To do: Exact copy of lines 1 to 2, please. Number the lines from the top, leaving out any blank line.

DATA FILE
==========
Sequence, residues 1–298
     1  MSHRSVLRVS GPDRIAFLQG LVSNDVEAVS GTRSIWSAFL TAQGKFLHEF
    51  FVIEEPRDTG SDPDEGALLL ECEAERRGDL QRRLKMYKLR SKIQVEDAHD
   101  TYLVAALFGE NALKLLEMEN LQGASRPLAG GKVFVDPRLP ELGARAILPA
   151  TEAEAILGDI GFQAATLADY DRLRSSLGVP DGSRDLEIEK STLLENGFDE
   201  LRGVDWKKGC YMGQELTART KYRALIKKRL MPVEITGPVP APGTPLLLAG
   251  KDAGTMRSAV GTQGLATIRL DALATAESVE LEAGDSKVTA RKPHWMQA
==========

Sequence, residues 1–298
     1  MSHRSVLRVS GPDRIAFLQG LVSNDVEAVS GTRSIWSAFL TAQGKFLHEF